It is not clear whether the mailbox rule applies to Ward's state law tort claims for negligence, conspiracy and intentional infliction of emotional distress. Although Massachusetts has adopted Houston in the context of appellate actions, Massachusetts appellate courts have not addressed whether the mailbox rule applies to civil complaints. Commonwealth v. Hartsgrove , 407 Mass. 441, 445-46 (1990) (adopting prison mailbox rule for inmate's filing of pro se notice of appeal); see Jackson v. Comm'r of Corr., No. 13-P-471, 2014 WL 257799, at *1 (Mass.App.Ct. Jan. 24, 2014) (declining to address whether prison mailbox rule applies to certiorari filings); Felt v. Comm'r of Corr., No. 08-P-1245, 2009 WL 1650066, at *2 n.2 (Mass. App. 2009) (declining to address whether prison mailbox rule extends to civil cases). The Superior Court, however has indicated that the mailbox rule applies to civil complaints. Haas v. Spencer, No. WOCV201101399, 2012 WL 7017165, at *9 (Mass. Super. Dec. 11, 2012) (holding that "the prisoner mailbox rule should apply to all complaints"); Anderson v. Dennehy, No. 07-1801-C, 2008 WL 2736749, at *4 (Mass. Super. June 12, 2008) (applying mailbox rule to certiori complaint); but see Tibbs v. Dipalo, No. CA991509, 2000 WL 1273854, at *3 (Mass. Super. Mar. 21, 2000) (declining to apply mailbox rule to certiori complaints). Moreover, another session of this Court has extended the mailbox rule to motions for new trial filed with a Massachusetts trial court. Powell v. Gelb, No. 13-11465-NMG, 2014 WL 1056982, at *2 (D. Mass. Mar. 13, 2014). The Court finds the rulings applying the mailbox rule more persuasive and, therefore, applies the rule to Ward's pendent tort claims. Accepting Ward's allegations as true that he filed the complaint when he mailed it from prison on April 11, 2012 i.e., before the expiration of the statute of limitations on September 26, 2012, the Court will not dismiss the pendent tort claims on statute of limitations grounds.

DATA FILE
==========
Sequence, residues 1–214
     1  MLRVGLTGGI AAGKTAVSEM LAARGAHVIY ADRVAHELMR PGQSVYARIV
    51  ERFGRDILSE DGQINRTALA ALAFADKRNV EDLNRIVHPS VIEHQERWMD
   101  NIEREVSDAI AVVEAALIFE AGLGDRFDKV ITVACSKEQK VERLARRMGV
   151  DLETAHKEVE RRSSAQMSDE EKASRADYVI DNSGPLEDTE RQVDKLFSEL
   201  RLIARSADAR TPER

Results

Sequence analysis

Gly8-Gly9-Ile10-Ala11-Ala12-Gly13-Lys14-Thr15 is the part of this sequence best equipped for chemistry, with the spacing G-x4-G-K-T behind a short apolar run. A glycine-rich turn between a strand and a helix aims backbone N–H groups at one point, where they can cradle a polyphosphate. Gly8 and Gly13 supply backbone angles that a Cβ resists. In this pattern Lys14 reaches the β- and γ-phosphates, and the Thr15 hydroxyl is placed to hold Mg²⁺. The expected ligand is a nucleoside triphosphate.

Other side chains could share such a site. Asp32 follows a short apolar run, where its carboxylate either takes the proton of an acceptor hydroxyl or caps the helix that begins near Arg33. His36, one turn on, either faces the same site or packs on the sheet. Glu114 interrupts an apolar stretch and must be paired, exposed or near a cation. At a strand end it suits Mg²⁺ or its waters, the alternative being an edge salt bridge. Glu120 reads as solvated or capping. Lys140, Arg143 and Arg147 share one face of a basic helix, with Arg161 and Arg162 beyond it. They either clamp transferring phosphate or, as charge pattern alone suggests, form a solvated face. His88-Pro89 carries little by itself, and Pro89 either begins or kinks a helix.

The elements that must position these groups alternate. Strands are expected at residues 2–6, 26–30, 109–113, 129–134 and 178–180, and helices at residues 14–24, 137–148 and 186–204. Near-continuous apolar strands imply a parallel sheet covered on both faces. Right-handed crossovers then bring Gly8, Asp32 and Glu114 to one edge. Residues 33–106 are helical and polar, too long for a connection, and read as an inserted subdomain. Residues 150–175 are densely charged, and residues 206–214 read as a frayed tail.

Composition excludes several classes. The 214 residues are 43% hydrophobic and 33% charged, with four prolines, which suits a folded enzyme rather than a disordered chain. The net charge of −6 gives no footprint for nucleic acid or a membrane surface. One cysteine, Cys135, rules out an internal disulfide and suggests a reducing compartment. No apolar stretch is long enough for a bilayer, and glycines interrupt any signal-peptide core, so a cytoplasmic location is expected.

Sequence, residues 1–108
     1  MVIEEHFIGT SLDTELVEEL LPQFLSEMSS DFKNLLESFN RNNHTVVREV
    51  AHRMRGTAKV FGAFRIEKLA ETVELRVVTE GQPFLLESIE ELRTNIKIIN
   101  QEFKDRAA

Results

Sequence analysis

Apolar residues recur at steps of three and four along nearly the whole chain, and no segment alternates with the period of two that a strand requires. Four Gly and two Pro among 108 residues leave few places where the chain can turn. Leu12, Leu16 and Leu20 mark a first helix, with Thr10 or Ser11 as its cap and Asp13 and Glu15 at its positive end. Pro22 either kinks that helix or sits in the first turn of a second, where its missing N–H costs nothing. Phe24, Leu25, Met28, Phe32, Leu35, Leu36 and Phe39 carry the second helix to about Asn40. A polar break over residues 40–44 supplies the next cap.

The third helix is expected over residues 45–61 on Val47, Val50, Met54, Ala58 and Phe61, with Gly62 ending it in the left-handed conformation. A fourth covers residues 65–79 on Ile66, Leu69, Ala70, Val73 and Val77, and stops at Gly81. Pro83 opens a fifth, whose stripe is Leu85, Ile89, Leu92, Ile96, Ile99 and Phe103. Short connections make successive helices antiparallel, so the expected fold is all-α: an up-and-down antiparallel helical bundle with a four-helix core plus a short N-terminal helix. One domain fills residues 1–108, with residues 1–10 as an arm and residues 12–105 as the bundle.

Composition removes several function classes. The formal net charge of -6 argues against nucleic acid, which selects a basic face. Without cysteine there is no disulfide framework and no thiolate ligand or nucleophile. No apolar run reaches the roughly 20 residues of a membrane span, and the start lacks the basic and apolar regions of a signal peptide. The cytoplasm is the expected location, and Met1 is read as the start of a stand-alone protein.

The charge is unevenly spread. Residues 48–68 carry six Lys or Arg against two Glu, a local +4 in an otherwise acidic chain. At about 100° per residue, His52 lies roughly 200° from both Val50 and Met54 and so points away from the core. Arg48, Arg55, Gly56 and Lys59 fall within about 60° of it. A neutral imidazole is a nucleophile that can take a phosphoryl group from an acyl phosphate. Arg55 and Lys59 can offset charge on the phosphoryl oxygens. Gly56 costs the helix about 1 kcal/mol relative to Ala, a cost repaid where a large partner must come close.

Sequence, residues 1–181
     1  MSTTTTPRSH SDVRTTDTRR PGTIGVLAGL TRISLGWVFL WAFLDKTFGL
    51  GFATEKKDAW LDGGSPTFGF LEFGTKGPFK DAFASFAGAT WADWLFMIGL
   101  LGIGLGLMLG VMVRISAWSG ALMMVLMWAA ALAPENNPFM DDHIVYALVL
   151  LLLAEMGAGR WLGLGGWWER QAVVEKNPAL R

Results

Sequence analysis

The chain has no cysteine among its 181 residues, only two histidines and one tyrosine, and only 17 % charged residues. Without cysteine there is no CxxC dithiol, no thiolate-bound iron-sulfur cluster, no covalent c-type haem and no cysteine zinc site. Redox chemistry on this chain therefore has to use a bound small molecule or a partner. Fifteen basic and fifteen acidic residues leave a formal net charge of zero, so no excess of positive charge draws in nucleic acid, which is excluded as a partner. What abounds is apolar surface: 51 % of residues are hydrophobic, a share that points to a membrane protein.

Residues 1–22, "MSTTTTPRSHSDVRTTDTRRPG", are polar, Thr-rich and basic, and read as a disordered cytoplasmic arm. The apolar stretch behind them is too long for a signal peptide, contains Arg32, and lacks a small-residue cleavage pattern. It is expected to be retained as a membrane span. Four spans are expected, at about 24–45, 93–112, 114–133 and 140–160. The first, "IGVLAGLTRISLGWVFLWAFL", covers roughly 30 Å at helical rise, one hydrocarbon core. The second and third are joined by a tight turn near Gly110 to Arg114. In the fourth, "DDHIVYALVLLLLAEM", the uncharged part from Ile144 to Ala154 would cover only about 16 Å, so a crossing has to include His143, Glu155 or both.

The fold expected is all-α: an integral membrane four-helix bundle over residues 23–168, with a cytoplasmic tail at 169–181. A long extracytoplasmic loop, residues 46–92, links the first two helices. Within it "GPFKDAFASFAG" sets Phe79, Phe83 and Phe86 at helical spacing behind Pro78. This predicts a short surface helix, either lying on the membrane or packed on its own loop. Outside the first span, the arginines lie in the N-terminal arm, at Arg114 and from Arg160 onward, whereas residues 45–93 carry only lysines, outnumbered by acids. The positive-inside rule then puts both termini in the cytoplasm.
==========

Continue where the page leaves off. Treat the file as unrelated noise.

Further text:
B. MTCA

The Defendants argue that Ward's negligence claim must be dismissed because the MTCA grants immunity to the Defendants as public employees acting within the scope of their employment. D. 8 at 8. Ward replies that even if the Defendants are immune, the NCSOCC should be liable for "clear violations of Article III of the IAD, as well as both state and federal statutes and constitutional law." D. 10 at 12.

The MTCA provides in relevant part that no "public employee... shall be liable for any injury or loss of property or personal injury or death caused by his negligent or wrongful act or omission while acting within the scope of his office or employment...." Mass. Gen. L. c. 258, § 2. The proper defendant in negligence actions is the public employer, in this case the Norfolk Sheriff's Office or the NCSOCC, but neither is named as a party. Id . (stating that "[p]ublic employers shall be liable for injury or loss of property or personal injury or death caused by the negligent or wrongful act or omission of any public employee while acting within the scope of his office or employment, in the same manner and to the same extent as a private individual under like circumstances").

Ward acknowledges that all the Defendants were employed by the Norfolk County Sheriff's Office. D. 4-1 ¶ 2. "[A] public employee is immune from a claim arising out of gross negligence because such a claim qualifies as a negligent or wrongful act or omission under § 2." Rua v. Glodis, No. 10-40251-FDS, 2012 WL 4753279, at *5 (D. Mass. Oct. 3, 2012) (quoting Monahan v. Town of Methuen , 408 Mass. 381, 392 (1990) (internal quotation marks omitted)). Employees of the Norfolk Sheriff's Office are public employees for purposes of the MTCA. Id . (noting that Mass. Gen. L. c. 34B, §§ 12 and 13 dictate that both the sheriff and the employees of the sheriff of an abolished county are public employees of the Commonwealth).[2] Because the Defendants named here are immune from negligence claims, the Court concludes that Count I of Ward's complaint must be dismissed.

The MTCA, however, is inapplicable to intentional torts. Mass. Gen. L. c. 258, § 10(c). It, therefore, does not shield the Defendants from liability on the remaining tort claims for conspiracy and intentional infliction of emotional distress. Accordingly, the Defendants' motion to dismiss those two claims is denied.

V. Conclusion

For the foregoing reasons, the Court DENIES the Defendants' motion to dismiss, D. 7, as to Count II (conspiracy), Count III (intentional infliction of emotional distress) and Count IV (violations of 42 U.S.C. § 1983). The Court ALLOWS the Defendants' motion to dismiss, D. 7, as to Count I (negligence).[3]

So Ordered.